The Nest in the Honeysuckles, and other Stories eBook

This eBook from the Gutenberg Project consists of approximately 119 pages of information about The Nest in the Honeysuckles, and other Stories.

Dear children, who read about Willie, are you prepared to follow him and Charley, where they are gone to dwell with that Saviour who, when he was on earth, took little children in his arms, and blessed them, and said, “of such is the kingdom of heaven?”

[Illustration]

WIDOW CAHOON AND HER GRANDSON.

“I wish to make a call in ——­ street,” said a lady to me, as we together were visiting some of the poor of the city.  “There is a Mrs. Smith living there, a poor old woman nearly eighty years old.  She is infirm and partially blind.  She has a little grandson, and she has no means with which to take care of him.  We hope to persuade her to give him to us, and let us find a good home, by adoption, for him.”

It was a warm winter’s morning.  Snow had fallen the day before, but it was rapidly disappearing.  The foot sank in the melting mass at every step.  The crossings were muddy, and it required some skill to pick our way along dry-shod.

We turned into the street, and sought for the number which had been given us.  We found it on the door of a low, shed-like building, old and out of repair.

“Does Mrs. Smith live here?” we inquired.

“No, ma’am.”

“Is there an old lady, who is almost blind, and who has a little grandson, in the house?”—­we further asked, thinking Mrs. Smith might not be known by name.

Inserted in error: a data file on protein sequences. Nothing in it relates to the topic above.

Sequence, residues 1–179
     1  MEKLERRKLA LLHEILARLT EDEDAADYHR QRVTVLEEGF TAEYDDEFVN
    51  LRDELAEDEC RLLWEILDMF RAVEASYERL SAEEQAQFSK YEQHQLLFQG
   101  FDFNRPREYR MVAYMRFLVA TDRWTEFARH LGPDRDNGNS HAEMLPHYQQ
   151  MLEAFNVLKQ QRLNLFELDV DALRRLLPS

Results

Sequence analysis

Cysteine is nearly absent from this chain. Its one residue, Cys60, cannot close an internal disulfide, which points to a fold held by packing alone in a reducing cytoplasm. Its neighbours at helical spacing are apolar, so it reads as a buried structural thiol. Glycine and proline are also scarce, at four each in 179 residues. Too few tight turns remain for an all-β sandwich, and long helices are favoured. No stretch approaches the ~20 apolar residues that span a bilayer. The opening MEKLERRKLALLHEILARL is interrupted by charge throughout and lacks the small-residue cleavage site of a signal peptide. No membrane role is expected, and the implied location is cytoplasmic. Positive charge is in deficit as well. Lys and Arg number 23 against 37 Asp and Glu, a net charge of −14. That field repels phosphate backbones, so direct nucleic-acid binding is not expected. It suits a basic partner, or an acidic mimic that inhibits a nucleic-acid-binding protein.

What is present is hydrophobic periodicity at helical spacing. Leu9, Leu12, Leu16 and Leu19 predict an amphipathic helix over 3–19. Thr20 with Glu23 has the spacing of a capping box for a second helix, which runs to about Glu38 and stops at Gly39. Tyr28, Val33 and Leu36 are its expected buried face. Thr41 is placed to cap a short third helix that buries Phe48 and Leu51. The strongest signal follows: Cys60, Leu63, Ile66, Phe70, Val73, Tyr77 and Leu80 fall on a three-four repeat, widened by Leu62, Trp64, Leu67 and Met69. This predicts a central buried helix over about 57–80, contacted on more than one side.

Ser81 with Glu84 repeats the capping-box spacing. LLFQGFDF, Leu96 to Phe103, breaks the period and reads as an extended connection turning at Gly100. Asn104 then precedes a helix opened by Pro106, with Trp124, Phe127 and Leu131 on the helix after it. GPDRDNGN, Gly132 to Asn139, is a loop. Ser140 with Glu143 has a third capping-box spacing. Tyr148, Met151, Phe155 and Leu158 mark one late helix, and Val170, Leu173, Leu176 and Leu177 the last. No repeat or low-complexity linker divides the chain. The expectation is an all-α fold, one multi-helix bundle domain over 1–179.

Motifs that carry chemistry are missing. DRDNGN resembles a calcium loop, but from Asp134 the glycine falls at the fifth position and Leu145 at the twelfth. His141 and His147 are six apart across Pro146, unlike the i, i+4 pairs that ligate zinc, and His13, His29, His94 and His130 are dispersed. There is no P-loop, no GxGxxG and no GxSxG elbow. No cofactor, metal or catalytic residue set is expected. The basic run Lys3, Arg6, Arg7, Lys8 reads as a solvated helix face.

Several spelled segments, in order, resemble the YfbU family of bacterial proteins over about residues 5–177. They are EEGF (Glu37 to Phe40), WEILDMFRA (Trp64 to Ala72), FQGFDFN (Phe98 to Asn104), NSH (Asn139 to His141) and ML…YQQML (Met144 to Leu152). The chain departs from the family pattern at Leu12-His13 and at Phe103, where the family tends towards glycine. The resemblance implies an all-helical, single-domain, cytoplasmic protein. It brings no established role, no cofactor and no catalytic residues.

“No, ma’am.  There is no such person here.”

“Does she live in the neighbourhood?”

“She may be in No. ——.”

We made inquiries at several doors, dodging in quickly to avoid the great drops which came pattering down on the pavement from the gutterless eaves, but we could learn nothing of the object of our search.

At length we came to a grocery, and, stepping in by the mackerel barrels which stood at the door, we repeated our inquiry—­

“Can you tell us where Mrs. Smith lives?  She is an old lady, almost blind, and has a little grandson.”

“Oh, yes!  I know her well.  She is a deserving, needy woman.”

The man followed us to the street to point out the house where she lived.  As he was telling us, a woman passed by.  He spoke to her, saying,

“You know where Mrs. Smith lives—­the old lady who is almost blind, and who has a little grandson?”

“Yes.”

“Will you show these ladies the place?”

“Yes.”

She walked on with us till she came to a large tenement building, and then directed us to a room in the upper story.  We thanked her, and entered the narrow hall, and passed up the still narrower staircase.

We knocked at the door, and were bidden to enter.  The old lady was not there.  We inquired for her again, and learned that she had just gone out.  The woman said she would send for her.  A boy, ten or twelve years old, went to find her.  While he was gone, we talked with his mother,—­a round-faced, good-natured, intelligent Irish woman.  We asked her where Mrs. Smith lived, and she said she was most of the time with her.  Poor woman! she had only a living-room and a bed-room for herself and four children, yet she was willing to share them with another as poor and more helpless than herself.

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The Nest in the Honeysuckles, and other Stories from Project Gutenberg. Public domain.
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